My friend has been looking to find a husband for at least five years. She has had no luck. She is a beautiful, well-educated, Punjabi Sikh woman who works as a nurse. She is approaching 30, and it is not getting any easier. She asked me recently to help her find a lifelong partner.
I really didn’t want to get involved in the matchmaking business due to the potential repercussions if the marital arrangement does not work out, so I recommended that she talk to her parents about an arranged marriage. She was a little taken back by this suggestion considering my modern, progressive views on most issues. Nonetheless, I highlighted the fact that the divorce rate is almost 40 percent in Canada and only one percent in India, where arranged marriages are customary. Surely, India must be doing something right, or maybe not?
My friend did not like this arranged marriage idea at first. As a result, we started off by seeking the advice of local matrimonial services and even trying online dating. Why not give love a chance? The problem with finding love is that time is not on her side. She can’t spend forever dating someone who may or may not love or marry her for years. She wants to settle down and get married and have children and raise a family together. She wants to build a life as a “respectable, married woman”, in her words.
That’s one of the great things about an arranged marriage. After a brief introduction and period of time to get to know each other, which is usually approved by parents on both sides, an arranged couple can move forward and plan their life together if they agree to a marital union. The parents have already looked into the education and career compatibility, and family background of the potential partner. It is especially important for the bride to be accepted and get along with her potential future in-laws as she will most likely live with them, at least initially until the new couple becomes established and moves out on their own.
Despite my recommendation, it is important to note that arranged marriages are practised less frequently among South Asians born and naturalized in Canada, from what I have witnessed. I still believe arranged marriages can be an ideal solution if it is difficult to find someone, however. Furthermore, even the dowry system is slowly being abolished and interracial marriages are becoming more common, both which I see as positive steps in the evolution of marriage within the South Asian community. Actor Lisa Ray, professional hockey player Manny Malhotra, and figure skater Emanuel Sandhu are all the product of mixed marriages. Hopefully, their success will work to break down interracial barriers and stigma.
Marriage is big business in Canada within the South Asian community. If love marriages have such a huge chance of failure, it may not exactly be a great investment. Marriage takes work, commitment, and compromise, which I have discovered as a counsellor and social worker. Both partners still have the individual choice of agreeing to the marital union. They have the final say. I am opposed to forced marriages, which are essentially a form of institutional rape and can result in no love and adultery and infidelity, not to mention domestic violence and resentment within the couple. If a person is given a choice whether or not to marry, then he or she can own that decision and put in a solid effort to make the marriage work. They would be included as part of the marital decision-making process.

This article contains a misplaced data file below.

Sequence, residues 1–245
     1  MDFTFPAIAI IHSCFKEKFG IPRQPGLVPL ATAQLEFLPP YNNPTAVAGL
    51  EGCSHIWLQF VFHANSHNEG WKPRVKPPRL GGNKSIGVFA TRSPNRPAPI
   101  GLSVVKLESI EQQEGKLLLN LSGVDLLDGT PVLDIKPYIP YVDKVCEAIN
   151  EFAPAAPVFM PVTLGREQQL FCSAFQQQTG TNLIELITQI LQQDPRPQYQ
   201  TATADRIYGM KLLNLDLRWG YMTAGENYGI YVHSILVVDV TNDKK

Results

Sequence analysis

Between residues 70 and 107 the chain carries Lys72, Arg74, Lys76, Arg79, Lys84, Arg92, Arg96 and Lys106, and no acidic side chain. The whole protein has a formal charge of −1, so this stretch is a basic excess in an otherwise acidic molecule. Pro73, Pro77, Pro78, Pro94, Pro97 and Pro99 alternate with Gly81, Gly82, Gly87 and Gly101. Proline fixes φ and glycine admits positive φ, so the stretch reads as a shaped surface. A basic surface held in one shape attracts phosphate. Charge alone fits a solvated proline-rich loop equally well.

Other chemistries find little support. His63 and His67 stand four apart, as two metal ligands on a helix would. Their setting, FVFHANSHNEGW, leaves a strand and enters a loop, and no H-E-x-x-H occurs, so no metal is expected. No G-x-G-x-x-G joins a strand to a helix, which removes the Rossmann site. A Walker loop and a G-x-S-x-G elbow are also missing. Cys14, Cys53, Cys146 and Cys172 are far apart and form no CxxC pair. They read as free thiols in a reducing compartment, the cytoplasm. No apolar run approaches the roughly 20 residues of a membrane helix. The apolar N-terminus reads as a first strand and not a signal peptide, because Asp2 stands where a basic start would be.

My other problem with arranged marriages is that they can be a form of discrimination and racism. Many parents only want to marry their child into a certain caste, class, or high-status family, preferably with money and high education. In addition, I have read many advertisements seeking a woman with fair skin tone. Furthermore, who knows how many hearts families have broken by rejecting a potential boyfriend or girlfriend as a husband or wife due to their background, religion, ethnicity, or status in life. I feel this is morally, ethically, and spiritually wrong, although it may be sensible for a family looking out for the best interests and future well-being of their son or daughter or should I say themselves as a family unit.
There may be many reasons why the divorce rate is so high in Canada and so low in India. Perhaps, the availability of contraception, gender roles, women’s rights, and social programs makes it easier for a woman to seek a divorce in Canada? In India, it is probably much more difficult to divorce due to it being a cultural taboo and the fact that the women may be dependent on the husband and his family financially. In addition, it may also be difficult to re-marry once a woman has been divorced in India especially with children.
In conclusion, my friend is having some luck on the arranged marriage front. Well, she has had a number of promising coffee dates. I have taken the liberty of opening an account for her on Shaadi.com because I hear the Internet is the future of everything including love and marriage! We will see what happens. Stay tuned.
Alex Sangha is a registered social worker in British Columbia. He is the author of the social discussion book The Modern Thinker and one of the winners of the Top 25 Canadian Immigrants Awards of 2011.